This volume of essays explore some of the diverse ways that W.T. Stead's complicated revolution in British newspapers and print journalism (the New Journalism) influenced Irish politics, culture, and newspaper practices. Irish journalism often reflected distinctively national or local concerns. Yet, its editors, innovations, preoccupations, and technologies benefited from increasingly transnational networks that were less constrained by or concerned with national, geographical, or even linguistic borders. Individually and collectively, these essays demonstrate some of the ways in which the new journalistic technologies and strategies of this era transformed the roles of editors and journalists in Ireland. The most comprehensive examination of the New Journalism and Ireland to date, this volume also further illuminates the central role of the press in the evolution of Irish nationalism and Irish modernism in the late nineteenth and early twentieth centuries.
"Showcasing the emergence of new media practices from the pre-revival period to the development of modernism, this thematically-divided collection presents a new understanding of a cultural and political 'revolution' on a wide range of media platforms. A pioneering work in the study of Irish journalism, it highlights the diversity of reportage and review while underpinning the links created by nineteenth-century innovations in technology, particularly those that gave rise to new forms of mass communication. This timely study of a new dawn in Irish journalism is valuable in assessing the role of the press; it also provides valuable insights on the role of journalism and the journalist for media practitioners and scholars in the twenty-first century." - Regina Ui Chollatain, Senior Lecturer of Irish, Celtic Studies, Irish Folklore and Linguistics, University College Dublin, Ireland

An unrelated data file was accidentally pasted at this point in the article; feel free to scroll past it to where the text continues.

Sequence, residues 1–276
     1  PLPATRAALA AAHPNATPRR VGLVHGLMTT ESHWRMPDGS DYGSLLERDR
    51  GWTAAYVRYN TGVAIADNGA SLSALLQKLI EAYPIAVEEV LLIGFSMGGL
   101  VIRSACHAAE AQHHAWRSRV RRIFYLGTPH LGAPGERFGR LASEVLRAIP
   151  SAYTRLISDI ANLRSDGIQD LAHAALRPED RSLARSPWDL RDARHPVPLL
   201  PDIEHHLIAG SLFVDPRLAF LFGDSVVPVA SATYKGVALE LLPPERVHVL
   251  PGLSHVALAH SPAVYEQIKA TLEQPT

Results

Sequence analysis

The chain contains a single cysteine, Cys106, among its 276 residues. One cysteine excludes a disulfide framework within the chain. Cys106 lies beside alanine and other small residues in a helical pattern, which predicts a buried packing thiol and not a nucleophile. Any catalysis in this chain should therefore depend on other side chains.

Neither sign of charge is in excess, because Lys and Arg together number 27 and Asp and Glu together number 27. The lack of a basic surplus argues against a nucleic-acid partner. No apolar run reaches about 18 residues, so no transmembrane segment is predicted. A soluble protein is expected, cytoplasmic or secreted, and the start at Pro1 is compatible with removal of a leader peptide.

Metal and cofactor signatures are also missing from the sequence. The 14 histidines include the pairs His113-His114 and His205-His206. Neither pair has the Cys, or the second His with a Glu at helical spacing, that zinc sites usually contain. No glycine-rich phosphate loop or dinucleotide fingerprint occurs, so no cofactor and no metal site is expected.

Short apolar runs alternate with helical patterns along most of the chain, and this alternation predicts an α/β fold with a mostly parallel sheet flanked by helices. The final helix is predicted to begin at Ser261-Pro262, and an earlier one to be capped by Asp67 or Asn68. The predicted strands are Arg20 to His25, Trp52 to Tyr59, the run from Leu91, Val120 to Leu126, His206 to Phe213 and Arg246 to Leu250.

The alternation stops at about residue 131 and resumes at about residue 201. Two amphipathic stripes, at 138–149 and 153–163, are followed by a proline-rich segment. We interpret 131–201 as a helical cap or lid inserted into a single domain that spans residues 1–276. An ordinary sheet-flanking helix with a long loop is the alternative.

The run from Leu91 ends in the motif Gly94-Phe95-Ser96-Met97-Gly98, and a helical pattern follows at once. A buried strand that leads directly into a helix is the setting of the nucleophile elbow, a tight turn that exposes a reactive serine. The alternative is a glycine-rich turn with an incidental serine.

Series: New Directions in Irish and Irish American Literature
Number Of Pages: 240
Published: 10th July 2014
Dimensions (cm): 22.4 x 14.3 x 1.8
Weight (kg): 0.41